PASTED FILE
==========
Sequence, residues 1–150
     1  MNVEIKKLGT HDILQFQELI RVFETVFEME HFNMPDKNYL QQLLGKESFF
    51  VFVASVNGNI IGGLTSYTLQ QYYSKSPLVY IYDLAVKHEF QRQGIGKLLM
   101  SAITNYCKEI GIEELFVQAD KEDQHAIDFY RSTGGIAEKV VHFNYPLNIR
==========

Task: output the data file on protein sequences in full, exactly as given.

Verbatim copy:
Sequence, residues 1–150
     1  MNVEIKKLGT HDILQFQELI RVFETVFEME HFNMPDKNYL QQLLGKESFF
    51  VFVASVNGNI IGGLTSYTLQ QYYSKSPLVY IYDLAVKHEF QRQGIGKLLM
   101  SAITNYCKEI GIEELFVQAD KEDQHAIDFY RSTGGIAEKV VHFNYPLNIR